A Bitter Sweet Victory


This week, a Salvadoran woman was released from prison after serving 11 years of her 30 year murder charge. So, why am I mentioning that as any kind of victory at all, let alone a bitter sweet one? Was it self defense? Was she innocent of the charges? The facts are much more convoluted and depressing than that.

She was convicted of murder because she had a stillbirth, and the courts decided it was all her fault.

You are certainly aware that women’s rights vary enormously across the globe, whether it be in regard to protections against violence, representation in government, or the right to bodily autonomy. In El Salvador, the abuse of women is reflected in the most draconian anti-abortion laws that can be conceived by man.

Not only is it illegal to get an abortion at any time and for any reason, but you will also be charged with murder not only if you seek an abortion, but even if you do not seek get enough prenatal care and have a stillbirth. I usually do not speak in black and white terms, but I literally cannot conceive of any way that they can make their anti-abortion laws even more extreme.

Luckily in the case of Teodora del Carmen Vásquez, she was not forced to serve the entirety of her sentence. I am happy that she is now free, but I am also deeply depressed as to the details surrounding her release, hence my description of the case.

 

A woman sentenced to 30 years in prison for aggravated murder after having a stillbirth has been freed in El Salvador in a case highlighting the dire consequences of the Central American country’s total ban on abortion.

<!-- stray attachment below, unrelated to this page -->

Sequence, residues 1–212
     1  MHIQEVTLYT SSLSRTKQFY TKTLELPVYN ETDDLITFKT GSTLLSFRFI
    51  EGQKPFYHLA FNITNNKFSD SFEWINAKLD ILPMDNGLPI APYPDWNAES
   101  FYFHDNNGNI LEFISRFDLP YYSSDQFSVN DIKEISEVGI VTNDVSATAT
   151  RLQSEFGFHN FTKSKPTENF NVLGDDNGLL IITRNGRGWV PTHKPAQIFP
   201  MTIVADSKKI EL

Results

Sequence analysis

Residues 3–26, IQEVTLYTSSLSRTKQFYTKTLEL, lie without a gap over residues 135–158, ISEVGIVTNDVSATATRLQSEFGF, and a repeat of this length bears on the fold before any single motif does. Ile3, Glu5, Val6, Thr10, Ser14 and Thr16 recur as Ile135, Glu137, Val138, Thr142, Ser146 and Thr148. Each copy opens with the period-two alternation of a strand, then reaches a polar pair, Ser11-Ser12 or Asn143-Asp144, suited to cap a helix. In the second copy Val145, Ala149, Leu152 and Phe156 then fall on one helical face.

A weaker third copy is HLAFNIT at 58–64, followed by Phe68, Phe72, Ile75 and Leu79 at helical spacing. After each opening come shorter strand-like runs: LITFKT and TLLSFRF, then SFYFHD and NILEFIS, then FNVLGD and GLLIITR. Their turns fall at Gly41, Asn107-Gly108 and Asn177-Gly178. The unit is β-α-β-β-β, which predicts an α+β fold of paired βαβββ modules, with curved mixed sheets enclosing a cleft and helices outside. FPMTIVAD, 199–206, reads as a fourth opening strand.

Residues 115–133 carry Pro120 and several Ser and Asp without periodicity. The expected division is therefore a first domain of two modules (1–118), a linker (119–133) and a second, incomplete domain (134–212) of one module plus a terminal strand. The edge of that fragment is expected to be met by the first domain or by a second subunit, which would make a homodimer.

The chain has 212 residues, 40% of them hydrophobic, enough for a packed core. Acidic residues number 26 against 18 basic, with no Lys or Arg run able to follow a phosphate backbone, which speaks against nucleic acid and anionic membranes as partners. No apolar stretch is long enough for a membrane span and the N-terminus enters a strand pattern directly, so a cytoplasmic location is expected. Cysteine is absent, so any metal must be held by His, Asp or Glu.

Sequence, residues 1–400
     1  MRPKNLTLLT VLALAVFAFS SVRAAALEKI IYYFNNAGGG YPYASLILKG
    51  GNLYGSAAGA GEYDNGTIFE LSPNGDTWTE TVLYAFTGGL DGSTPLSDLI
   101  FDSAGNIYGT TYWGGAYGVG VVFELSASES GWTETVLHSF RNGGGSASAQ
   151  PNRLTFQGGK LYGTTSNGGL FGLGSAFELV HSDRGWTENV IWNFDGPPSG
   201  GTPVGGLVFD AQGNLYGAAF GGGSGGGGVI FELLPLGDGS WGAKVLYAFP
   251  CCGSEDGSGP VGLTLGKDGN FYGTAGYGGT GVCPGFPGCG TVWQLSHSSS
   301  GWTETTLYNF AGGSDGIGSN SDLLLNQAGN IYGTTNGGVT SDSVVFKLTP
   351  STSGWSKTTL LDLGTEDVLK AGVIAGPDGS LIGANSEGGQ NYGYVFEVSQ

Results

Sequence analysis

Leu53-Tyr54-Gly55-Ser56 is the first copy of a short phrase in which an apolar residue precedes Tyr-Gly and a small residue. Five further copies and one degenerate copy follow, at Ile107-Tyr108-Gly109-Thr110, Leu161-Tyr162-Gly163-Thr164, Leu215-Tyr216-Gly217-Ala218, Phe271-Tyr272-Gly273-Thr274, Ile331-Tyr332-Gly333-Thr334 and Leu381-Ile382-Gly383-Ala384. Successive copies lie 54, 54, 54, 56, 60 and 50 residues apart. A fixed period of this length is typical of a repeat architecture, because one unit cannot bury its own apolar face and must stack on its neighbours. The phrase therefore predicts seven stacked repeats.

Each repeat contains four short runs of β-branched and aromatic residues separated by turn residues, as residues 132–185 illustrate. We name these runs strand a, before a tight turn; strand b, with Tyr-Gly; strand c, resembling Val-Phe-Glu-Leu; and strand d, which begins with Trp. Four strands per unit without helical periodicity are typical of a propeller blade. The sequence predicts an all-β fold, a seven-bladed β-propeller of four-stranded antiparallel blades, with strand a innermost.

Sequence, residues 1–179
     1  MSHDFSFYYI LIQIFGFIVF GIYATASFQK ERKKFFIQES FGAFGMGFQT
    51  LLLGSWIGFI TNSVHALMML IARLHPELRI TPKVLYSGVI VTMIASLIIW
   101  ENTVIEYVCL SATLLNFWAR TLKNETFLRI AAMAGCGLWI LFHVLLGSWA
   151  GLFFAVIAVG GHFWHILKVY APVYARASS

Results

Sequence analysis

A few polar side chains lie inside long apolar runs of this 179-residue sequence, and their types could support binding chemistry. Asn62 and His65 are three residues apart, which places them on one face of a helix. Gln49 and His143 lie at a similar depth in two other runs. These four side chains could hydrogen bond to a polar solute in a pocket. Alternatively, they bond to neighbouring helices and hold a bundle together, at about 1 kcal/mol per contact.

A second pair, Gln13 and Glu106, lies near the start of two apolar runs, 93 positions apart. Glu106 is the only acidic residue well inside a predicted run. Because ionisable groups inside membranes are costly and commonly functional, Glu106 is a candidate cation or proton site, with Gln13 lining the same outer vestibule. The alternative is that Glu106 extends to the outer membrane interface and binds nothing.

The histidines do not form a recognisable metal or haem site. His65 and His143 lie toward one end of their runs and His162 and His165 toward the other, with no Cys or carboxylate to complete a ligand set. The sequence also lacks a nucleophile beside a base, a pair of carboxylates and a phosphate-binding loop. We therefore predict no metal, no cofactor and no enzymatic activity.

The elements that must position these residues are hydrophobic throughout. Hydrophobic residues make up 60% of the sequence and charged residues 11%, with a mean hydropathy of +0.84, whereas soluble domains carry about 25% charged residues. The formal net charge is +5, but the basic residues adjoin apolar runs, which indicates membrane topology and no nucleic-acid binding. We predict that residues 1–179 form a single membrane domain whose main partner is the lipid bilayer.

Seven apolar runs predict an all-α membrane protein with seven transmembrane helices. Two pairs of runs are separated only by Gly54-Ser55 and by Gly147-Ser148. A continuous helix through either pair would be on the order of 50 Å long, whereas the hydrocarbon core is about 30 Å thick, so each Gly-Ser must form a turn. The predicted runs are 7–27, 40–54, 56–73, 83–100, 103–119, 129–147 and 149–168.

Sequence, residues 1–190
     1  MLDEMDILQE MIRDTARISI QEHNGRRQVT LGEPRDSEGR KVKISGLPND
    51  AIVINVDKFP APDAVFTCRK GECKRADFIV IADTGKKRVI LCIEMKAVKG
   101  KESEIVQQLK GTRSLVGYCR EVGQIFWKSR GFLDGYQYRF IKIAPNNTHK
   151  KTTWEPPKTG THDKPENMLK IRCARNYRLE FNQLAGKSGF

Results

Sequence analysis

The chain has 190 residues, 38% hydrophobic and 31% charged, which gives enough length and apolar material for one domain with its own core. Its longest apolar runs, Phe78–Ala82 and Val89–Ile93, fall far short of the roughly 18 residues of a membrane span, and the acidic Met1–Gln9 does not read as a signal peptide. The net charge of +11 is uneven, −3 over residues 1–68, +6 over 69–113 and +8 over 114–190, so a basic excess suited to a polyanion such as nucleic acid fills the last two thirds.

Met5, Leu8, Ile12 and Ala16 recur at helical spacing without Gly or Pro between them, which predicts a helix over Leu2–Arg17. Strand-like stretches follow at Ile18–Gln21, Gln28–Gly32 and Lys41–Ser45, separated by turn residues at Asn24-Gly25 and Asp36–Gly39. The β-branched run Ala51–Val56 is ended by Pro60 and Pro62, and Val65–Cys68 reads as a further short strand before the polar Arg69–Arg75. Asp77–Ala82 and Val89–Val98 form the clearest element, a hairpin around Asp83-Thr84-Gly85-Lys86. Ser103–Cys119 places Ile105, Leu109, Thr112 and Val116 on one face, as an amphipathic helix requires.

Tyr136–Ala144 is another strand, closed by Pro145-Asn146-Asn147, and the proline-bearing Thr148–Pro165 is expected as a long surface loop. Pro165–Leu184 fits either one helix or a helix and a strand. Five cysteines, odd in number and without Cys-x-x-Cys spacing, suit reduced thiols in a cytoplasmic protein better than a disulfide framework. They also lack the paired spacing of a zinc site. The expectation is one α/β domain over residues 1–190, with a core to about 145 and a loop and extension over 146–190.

Teodora del Carmen Vásquez, 34, was released on Thursday after serving almost 11 years for a crime she has always vehemently denied. Her sentence was commuted by the supreme court on the grounds that there was insufficient scientific evidence to determine that she had intentionally caused the stillbirth, but her conviction was not overturned.

 

She was not released because the government of El Salvador has budged an inch from their horrific laws regarding women’s rights, but rather because they decided that she was convicted on insufficient evidence. Activists must and are still appealing these sentences on a case by case basis in order to try to counteract this gross violation of human rights.

 

Vásquez is the 16th woman to be freed as a result of appeals and campaigns by reproductive rights groups and lawyers working under hostile conditions perpetuated by the conservative media and powerful anti-abortion groups. A 17th woman, Mayra Figueroa, who was jailed for 30 years in 2003, will be freed next month.

 

This story is both happy and tragic. Happy for Teodora and her family, but tragic for all the women who still have to suffer under these brutal laws.

 

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